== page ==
Wall Street Journal:
EMI Group Ltd. has held preliminary talks to license its music in North America to rival record labels, a move that comes as private-equity owners seek to avoid debt default that could soon put the troubled music company in the hands of lender Citigroup Inc., people close to the matter said.
EMI, which was purchased by private-equity group Terra Firma Capital Partners Ltd. in 2007, has been shopping a five-year licensing deal of its catalogue to rival music companies, including Warner Music Group Corp., Vivendi SA’s Universal Music Group and Sony Corp.‘s Sony Music, these people said.
Under such an agreement, sales and distribution of music by artists such as the Beatles and Pink Floyd would be handled by a rival music company. A deal could bring in up to £100 million ($150.1 million) per year for EMI, one person close to the matter said Sunday.
The talks are at a very preliminary stage and it is far from certain whether such an arrangement would help Terra Firma accomplish its aim to stave off a default on its debt to Citigroup. In the coming months, Terra Firma must raise Stg120 million to avoid a default or risk losing control of EMI to Citigroup, which is owed more than Stg3 billion. Other obstacles are the time scale of such a deal and possibly antitrust issues. Any such deal would have to be approved by Citigroup under the provisions of the secure loan that financed the leveraged buyout. Shares in EMI CDS spreads for EMI are around 28 bps tighter at the 1,071 bps level.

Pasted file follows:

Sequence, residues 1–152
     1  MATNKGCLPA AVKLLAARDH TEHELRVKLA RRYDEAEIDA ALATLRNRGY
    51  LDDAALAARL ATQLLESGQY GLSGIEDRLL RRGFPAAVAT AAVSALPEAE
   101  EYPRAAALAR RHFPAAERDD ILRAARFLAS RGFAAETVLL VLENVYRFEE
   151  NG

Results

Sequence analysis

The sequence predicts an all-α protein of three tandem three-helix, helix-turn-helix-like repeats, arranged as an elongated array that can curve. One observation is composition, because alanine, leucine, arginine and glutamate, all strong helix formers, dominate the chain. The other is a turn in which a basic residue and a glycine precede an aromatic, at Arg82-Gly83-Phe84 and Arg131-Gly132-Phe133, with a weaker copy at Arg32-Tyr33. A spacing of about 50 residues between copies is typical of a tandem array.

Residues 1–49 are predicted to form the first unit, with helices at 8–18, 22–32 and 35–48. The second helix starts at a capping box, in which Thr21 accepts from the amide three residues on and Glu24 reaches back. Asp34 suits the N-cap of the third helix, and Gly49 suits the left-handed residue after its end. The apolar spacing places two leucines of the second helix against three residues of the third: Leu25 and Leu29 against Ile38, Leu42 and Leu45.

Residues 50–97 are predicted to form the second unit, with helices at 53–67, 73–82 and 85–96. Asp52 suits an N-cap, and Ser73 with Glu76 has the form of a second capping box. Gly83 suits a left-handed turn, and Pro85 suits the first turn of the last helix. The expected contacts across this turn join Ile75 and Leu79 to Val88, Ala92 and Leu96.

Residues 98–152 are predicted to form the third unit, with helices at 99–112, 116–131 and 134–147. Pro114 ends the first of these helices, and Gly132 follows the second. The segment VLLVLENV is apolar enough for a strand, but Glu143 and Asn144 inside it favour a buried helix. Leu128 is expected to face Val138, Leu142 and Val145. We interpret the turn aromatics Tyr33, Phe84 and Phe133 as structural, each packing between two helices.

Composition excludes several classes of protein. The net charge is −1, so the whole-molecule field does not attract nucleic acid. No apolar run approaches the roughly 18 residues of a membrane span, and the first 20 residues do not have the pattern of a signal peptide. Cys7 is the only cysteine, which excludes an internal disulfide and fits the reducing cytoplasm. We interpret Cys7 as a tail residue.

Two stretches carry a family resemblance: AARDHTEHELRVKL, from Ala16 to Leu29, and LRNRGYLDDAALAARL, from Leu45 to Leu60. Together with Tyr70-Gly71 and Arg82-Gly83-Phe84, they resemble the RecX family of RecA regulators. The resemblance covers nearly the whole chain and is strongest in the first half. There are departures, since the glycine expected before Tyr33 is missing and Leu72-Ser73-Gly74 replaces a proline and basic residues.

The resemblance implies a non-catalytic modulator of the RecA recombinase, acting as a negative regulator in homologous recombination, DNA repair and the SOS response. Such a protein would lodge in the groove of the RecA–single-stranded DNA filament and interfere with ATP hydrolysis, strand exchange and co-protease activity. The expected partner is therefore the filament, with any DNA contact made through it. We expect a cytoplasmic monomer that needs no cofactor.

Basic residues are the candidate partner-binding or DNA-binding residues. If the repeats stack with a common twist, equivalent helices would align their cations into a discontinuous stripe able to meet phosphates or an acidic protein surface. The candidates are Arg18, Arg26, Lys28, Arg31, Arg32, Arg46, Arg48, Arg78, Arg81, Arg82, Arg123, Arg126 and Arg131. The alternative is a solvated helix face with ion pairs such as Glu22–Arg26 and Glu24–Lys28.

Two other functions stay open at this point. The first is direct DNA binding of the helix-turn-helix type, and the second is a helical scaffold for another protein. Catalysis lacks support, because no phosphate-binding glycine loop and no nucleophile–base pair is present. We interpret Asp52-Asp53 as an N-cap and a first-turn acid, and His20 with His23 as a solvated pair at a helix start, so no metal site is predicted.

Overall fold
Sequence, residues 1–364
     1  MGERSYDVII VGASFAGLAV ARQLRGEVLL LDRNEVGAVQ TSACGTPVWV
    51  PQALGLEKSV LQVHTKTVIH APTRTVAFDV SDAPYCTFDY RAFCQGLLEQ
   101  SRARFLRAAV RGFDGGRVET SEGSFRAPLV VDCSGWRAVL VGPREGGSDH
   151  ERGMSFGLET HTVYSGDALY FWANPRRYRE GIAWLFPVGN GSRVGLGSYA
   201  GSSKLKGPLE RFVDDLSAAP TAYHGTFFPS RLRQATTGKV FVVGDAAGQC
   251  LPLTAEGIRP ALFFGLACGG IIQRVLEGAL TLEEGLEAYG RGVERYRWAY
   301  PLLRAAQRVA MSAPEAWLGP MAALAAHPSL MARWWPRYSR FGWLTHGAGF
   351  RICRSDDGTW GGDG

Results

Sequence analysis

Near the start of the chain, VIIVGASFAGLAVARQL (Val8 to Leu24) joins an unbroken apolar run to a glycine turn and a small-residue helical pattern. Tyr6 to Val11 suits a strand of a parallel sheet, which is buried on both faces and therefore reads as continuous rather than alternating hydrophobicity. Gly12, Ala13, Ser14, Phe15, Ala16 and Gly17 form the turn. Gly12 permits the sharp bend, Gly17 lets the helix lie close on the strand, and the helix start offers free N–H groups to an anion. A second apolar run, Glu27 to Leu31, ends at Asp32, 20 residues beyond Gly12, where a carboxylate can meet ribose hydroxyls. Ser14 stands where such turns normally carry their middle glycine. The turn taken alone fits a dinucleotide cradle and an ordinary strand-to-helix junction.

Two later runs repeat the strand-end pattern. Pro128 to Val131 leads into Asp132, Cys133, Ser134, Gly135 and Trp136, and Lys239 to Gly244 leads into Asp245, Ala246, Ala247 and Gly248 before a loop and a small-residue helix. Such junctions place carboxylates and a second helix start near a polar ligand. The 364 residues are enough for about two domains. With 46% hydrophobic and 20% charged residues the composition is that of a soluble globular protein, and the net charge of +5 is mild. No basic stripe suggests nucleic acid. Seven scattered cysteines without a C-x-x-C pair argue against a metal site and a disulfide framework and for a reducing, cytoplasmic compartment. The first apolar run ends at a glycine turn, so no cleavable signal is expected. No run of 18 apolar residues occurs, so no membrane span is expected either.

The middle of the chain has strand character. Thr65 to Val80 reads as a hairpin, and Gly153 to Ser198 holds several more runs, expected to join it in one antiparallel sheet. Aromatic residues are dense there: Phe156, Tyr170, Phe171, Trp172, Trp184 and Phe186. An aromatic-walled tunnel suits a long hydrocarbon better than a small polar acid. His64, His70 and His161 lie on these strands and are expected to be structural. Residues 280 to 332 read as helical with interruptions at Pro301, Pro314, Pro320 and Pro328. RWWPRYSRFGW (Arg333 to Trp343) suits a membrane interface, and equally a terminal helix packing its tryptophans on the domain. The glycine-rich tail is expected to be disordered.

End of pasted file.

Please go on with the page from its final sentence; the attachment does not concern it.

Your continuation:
Terra Firma, EMI’s owner, believes it can raise £400m from such a deal. Guy Hands, Terra Firma’s boss, calculates this would be enough to stave off a looming takeover by its lender, Citigroup. It would also mean Terra Firma could abandon plans to tap investors for another £120m. Without the extra cash, Citi, which Hands is suing for allegedly misleading him over the sale of EMI in 2007, could take control of the business on June 14.
The back catalogue contributes virtually all of the earnings at the company’s recorded music division, and up to £100m a year in North America alone. It is separate from EMI’s music publishing arm, which owns the rights to the songs themselves but not their recordings.
Talks on a deal began in recent weeks with Universal Music, but have since moved on to include Sony and Warner Music. Sources say they are keen, but would prefer a longer licence period.
“They are not quite selling the family jewels — just taking them to the pawn shop,” said one source.